As the economy adds jobs, Latino unemployment is at 9.1 percent. (Hispanic businesswoman talking on telephone)

Report: Latinos, immigrants more likely to start businesses

2013-04_2256330_NBCLatino-ImmigrationNation_640x90_v1As the Senate Gang of Eight rolls out its immigration bill, a new report is highlighting the economic benefits that come from bringing more foreign-born into the United States.

According to a new report, the Kaufman Index of Entrepreneurial Activity released by the Kaufman Foundation, immigrants were twice as likely to start businesses as native-born Americans in 2012. The share of immigrant entrepreneurs rose to 27.1 percent in 2012 compared to 13.7 percent in 1996. The share of native-born entrepreneurs dropped from 86.3 percent in 1996 to 72.9 percent in 2012. But foreign-born entrepreneurs weren’t the only ones seeing a marked increase in entrepreneur shares of the population.  The number of new Latino entrepreneurs has also nearly doubled, from 10.5 percent to 19.5 percent since 1996.

Lead researcher Robert Fairlie says that not only is the Latino share of entrepreneurs increasing over time, but it is outpacing other ethnic groups as well.

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“The Latino rate is higher than the rate for African-Americans, Asians, whites. Of the four major racial ethnic groups, Latinos have the highest rate,” Fairlie says. “That’s a relatively new pattern because that wasn’t the case fifteen years ago.”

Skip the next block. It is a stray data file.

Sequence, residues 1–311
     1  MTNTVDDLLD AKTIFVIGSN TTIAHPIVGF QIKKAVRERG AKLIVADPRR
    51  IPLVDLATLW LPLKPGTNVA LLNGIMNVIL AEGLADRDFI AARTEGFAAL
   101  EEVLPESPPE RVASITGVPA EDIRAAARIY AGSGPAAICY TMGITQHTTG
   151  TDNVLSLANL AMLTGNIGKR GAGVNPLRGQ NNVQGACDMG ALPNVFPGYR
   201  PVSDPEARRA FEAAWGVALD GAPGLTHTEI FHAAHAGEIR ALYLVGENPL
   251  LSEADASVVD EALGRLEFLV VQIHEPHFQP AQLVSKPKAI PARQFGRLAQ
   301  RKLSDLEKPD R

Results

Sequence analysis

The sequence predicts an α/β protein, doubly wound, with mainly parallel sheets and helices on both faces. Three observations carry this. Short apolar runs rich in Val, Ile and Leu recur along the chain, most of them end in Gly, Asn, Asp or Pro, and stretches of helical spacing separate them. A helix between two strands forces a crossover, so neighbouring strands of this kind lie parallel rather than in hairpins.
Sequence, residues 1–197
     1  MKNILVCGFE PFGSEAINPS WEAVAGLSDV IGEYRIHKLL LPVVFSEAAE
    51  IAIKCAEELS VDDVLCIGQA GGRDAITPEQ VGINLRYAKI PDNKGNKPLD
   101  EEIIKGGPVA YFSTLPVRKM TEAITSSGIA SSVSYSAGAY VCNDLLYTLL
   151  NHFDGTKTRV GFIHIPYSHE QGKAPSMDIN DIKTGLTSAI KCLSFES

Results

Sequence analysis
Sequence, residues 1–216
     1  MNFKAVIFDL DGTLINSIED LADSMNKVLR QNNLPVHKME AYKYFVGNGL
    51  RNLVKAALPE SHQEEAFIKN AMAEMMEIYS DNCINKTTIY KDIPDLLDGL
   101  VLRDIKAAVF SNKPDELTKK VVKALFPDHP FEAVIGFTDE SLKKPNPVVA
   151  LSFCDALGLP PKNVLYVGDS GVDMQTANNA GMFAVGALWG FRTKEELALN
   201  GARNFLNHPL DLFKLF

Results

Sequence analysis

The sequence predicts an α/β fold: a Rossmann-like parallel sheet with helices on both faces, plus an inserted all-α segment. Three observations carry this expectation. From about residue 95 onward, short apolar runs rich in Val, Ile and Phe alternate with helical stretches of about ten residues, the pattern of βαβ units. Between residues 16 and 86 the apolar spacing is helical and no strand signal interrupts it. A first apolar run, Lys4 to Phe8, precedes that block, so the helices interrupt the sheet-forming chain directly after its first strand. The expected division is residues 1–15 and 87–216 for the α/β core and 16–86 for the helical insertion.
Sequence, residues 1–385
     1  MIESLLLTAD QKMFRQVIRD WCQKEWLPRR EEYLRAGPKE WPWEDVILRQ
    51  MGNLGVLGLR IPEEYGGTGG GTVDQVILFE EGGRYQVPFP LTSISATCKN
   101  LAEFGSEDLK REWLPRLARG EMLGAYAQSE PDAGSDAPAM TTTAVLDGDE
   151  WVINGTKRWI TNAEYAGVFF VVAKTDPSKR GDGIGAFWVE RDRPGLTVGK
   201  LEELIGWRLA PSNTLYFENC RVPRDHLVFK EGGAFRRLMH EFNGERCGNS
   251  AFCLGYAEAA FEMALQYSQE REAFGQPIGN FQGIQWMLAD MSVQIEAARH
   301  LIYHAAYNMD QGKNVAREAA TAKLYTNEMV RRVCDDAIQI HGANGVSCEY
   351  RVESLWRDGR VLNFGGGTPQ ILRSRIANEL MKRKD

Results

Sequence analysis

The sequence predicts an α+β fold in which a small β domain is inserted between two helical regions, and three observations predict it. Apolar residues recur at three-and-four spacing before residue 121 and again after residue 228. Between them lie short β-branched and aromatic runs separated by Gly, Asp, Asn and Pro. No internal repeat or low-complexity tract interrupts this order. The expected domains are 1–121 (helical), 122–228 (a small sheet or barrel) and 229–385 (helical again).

Although the study did not seek to explain the reason for the high number of Latinos and immigrants who start businesses, Fairlie suggested natural population patterns may be behind the growth. He says that having more Latinos logically leads to more Latino entrepreneurs.

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“Latino patterns are following the patterns of the immigrant population,” Fairlie says. “It’s population growth and the fact that Latinos are becoming an increasing share of the nation.”

He also attributes the bigger share of immigrant entrepreneurs to the idea that immigrants are more entrepreneurial by nature.

“Immigrants move from their home country to the U.S. and in that sense a lot of people argue that they are just different,” Fairlie explains.

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But he also suggests that immigrants may also be more entrepreneurial by circumstance, saying that immigrants may have needed to become more resourceful in order to get around obstacles they face finding employment once in the United States.

“They face barriers getting a job in the United States even considering different educational levels. Sometimes the experience doesn’t transfer over to the U.S. labor market so they have to make their own jobs,” Fairlie says.

With the proposed Gang of Eight immigration bill, immigrant entrepreneurs may have an easier time applying for visas and finding employment. The Senate plan creates startup visas for entrepreneurs and will include a new merit-based visa option for especially talented immigrants.

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Overall however, the number of entrepreneurs dipped in 2012. The report states that the decline in business creation may be due to improving labor market conditions. While the number of entrepreneurs declined a bit, the number still remains slightly above pre-recession levels.

The Kauffman report is part of the Annual Index of Entrepreneurial Activity. The study measures the rate of people creating businesses each month. The most recent report added the data for 2012 and updated the overall Entrepreneurial Index, which dates back to 1996.

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